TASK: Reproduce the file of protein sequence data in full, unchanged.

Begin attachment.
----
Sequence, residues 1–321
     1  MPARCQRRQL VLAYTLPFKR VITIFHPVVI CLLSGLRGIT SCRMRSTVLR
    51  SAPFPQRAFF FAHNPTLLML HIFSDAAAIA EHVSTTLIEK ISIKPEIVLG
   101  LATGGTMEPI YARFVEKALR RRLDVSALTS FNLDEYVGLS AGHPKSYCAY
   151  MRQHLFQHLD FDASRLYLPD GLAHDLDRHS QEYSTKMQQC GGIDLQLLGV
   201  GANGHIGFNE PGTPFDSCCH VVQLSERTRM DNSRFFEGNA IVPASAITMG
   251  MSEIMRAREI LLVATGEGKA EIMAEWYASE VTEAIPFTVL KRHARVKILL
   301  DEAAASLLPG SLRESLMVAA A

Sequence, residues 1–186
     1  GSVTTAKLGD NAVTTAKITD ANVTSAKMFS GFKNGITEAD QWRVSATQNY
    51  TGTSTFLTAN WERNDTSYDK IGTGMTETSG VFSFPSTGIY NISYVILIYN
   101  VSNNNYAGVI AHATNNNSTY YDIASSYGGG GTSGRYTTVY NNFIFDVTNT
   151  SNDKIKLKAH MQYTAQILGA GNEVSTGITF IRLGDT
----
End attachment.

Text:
Sequence, residues 1–321
     1  MPARCQRRQL VLAYTLPFKR VITIFHPVVI CLLSGLRGIT SCRMRSTVLR
    51  SAPFPQRAFF FAHNPTLLML HIFSDAAAIA EHVSTTLIEK ISIKPEIVLG
   101  LATGGTMEPI YARFVEKALR RRLDVSALTS FNLDEYVGLS AGHPKSYCAY
   151  MRQHLFQHLD FDASRLYLPD GLAHDLDRHS QEYSTKMQQC GGIDLQLLGV
   201  GANGHIGFNE PGTPFDSCCH VVQLSERTRM DNSRFFEGNA IVPASAITMG
   251  MSEIMRAREI LLVATGEGKA EIMAEWYASE VTEAIPFTVL KRHARVKILL
   301  DEAAASLLPG SLRESLMVAA A

Sequence, residues 1–186
     1  GSVTTAKLGD NAVTTAKITD ANVTSAKMFS GFKNGITEAD QWRVSATQNY
    51  TGTSTFLTAN WERNDTSYDK IGTGMTETSG VFSFPSTGIY NISYVILIYN
   101  VSNNNYAGVI AHATNNNSTY YDIASSYGGG GTSGRYTTVY NNFIFDVTNT
   151  SNDKIKLKAH MQYTAQILGA GNEVSTGITF IRLGDT